Pre- and Post-exercise Nutrition
What we eat before and after our workouts is important to helping us reach our health goals. Fuelling properly before a workout allows us to put in our best effort to get the most out of our workout, while eating afterward helps to kick-start the recovery process so that we can do it all over again.
When we exercise, the immediate source of fuel for the working muscle is found right at the muscle site. Depending on your gender and body weight, you may have in the neighborhood of 1,400 calories of carbohydrate in the form of glycogen available in the muscle, right now. There is an additional 80 calories of carbohydrate floating in the blood as blood sugar, and approximately 320 calories of carbohydrate stored in the liver also as glycogen – all pretty immediate sources of fuel. However, just because we have all of this available for use doesn’t mean that you can ignore hunger pangs and lightheadedness as you head into the gym for the workout. Nor does it mean that you need to eat a full meal before you hit the gym. The situation is dependent on a variety of factors:
- The time lapsed since your last meal
- The type of exercise you intend to engage in
- The intensity of the workout ahead of you
- The time expected for the workout
- The goal of the exercise session
If it has been more than four hours since your last meal, then a snack within an hour or two of your exercise session may be necessary. This is particularly important if you expect your exercise to be very intense. When blood sugar takes a dip, we can get a feeling of weakness or shakiness. This is never good heading into a workout because it generally affects how much oomph we have for the workout session.
The ideal pre-exercise snack or meal should:
- Be high in carbohydrates, like grains and fruit, to provide the energy necessary for the workout.
- Contain a moderate amount of protein to provide extra energy and to prevent a feeling of hunger during the workout/competition.
- Be low in fat and fibre as they take longer to digest – this will help to minimize cramps during the workout.
Some examples are of pre-exercise snacks are:
- A bowl of cereal with milk or yogurt
- Half of a peanut butter and banana sandwich
- A protein bar or other meal replacement bar
- Yogurt and fruit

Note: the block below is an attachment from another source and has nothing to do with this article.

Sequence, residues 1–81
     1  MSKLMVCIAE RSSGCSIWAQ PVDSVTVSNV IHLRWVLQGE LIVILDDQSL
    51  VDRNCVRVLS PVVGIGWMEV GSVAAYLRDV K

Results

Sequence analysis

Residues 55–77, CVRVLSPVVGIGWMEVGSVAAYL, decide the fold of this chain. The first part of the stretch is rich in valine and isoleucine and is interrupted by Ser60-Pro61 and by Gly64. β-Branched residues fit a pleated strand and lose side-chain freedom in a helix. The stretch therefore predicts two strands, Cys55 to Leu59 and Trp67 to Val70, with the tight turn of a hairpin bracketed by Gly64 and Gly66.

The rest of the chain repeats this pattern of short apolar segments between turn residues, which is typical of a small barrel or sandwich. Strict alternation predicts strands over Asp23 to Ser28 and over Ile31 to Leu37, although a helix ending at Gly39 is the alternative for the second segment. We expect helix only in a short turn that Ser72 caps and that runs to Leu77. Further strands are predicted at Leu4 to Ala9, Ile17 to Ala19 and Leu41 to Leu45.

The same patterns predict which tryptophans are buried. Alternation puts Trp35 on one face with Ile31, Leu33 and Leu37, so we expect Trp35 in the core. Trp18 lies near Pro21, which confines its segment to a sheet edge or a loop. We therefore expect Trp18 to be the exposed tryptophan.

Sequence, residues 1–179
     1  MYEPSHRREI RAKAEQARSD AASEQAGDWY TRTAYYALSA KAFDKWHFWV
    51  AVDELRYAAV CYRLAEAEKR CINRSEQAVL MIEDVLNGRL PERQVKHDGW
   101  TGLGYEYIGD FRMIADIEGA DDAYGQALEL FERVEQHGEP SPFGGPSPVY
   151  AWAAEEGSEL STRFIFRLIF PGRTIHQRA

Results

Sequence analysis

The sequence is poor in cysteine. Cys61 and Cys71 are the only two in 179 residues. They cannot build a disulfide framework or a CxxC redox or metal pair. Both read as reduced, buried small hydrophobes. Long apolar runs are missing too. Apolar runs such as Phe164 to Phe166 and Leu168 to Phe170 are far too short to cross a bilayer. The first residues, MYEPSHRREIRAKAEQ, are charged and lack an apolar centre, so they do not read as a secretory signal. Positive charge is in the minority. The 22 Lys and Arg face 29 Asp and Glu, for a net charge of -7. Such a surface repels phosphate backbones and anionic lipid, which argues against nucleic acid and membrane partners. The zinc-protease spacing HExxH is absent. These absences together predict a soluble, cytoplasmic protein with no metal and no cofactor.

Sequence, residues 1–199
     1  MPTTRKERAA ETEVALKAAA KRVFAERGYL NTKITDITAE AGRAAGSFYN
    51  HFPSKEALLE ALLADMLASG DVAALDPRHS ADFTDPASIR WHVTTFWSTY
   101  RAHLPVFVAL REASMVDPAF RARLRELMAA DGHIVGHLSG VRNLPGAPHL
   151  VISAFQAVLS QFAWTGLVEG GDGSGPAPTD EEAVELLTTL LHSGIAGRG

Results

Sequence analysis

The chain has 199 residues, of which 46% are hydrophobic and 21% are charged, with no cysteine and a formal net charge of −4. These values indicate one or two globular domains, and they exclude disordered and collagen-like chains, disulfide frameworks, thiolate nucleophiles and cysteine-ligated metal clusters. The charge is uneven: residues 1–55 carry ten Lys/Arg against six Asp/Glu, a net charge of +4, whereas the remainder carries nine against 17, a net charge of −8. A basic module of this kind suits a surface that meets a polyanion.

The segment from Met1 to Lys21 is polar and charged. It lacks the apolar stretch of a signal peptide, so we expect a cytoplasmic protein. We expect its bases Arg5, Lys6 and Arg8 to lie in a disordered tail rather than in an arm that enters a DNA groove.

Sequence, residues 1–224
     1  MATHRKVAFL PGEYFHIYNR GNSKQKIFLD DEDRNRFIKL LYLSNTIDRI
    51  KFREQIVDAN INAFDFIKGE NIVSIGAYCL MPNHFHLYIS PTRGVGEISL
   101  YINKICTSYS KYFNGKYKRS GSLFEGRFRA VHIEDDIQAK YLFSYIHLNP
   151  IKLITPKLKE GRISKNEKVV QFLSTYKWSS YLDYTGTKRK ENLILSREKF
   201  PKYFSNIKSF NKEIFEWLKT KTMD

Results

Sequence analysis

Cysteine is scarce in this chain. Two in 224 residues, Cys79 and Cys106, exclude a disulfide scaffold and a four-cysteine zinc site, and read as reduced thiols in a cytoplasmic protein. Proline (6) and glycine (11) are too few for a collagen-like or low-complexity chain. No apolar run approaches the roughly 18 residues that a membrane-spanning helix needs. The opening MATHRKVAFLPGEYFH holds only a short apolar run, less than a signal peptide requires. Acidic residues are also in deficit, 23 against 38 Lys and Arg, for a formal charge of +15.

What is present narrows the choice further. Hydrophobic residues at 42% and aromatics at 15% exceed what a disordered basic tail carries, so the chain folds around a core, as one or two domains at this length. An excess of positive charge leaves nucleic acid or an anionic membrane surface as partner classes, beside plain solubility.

- A liquid meal replacement like Ensure or Boost
- A soy or milk and fruit smoothie
Carbohydrate-rich meals, such as whole grain pasta with tomato sauce and some lean meat, can be eaten about 3 – 4 hours before exercise, based on what you can tolerate. You should also remember to drink 1-2 cups of water about four hours before your workout so that your body is hydrated, while giving you enough time to go the bathroom beforehand.
If you are planning to do a low-intensity activity (60 – 75% maximum heart rate) for up to two hours, like walking, and your primary goal is fat burning, then it is not necessary to fuel with carbohydrates as you should probably have enough stored carbohydrates to get through your workout. Eating before a low-intensity activity will encourage your body to burn this new source of energy instead of using your energy stores and helping you burn fat.
Part 3: How to recover after your wok out
During exercise, carbohydrate stores are depleted to some degree, muscle tissue experiences some damage, and some by-products are produced. Recovery and improvement begins when the exercise ends. Optimal nutrition after exercise may be critical, depending upon the type, intensity, and time spent exercising.
If you have had a ‘tank draining’ experience in your exercise session through high intensity or long duration, you are a candidate for ensuring that you get both carbohydrate and protein in either a 3:1 or 4:1 ratio within 30 minutes of finishing your exercise session. This balance helps to put the carbs back into the muscle and can help to start the recovery process. If you have done a light workout and are intending to get to a meal within a couple of hours, then you are okay to focus on re-hydrating with water, and it’s not as critical to focus on re-fuelling after the session. In this case, drinking a box of juice and additional water would suffice.
Some examples of post-exercise snacks are:
- Half of a peanut butter sandwich with chocolate milk
- Fruit juice and cereal bar
- Liquid meal replacement (like Ensure or Boost) with a banana
- Yogurt sweetened with a spoonful of honey and fruit
- A protein bar or other meal replacement bar
Your post-exercise meal can be the same as any regular meal – 1-2 servings of grain products or other starchy foods (i.e. pasta, rice, potatoes), a serving of meat and alternatives (i.e. 3 oz. of meat, fish, or poultry, or ¾ cup of tofu or legumes), lots of vegetables and/or fruit, and ample fluids.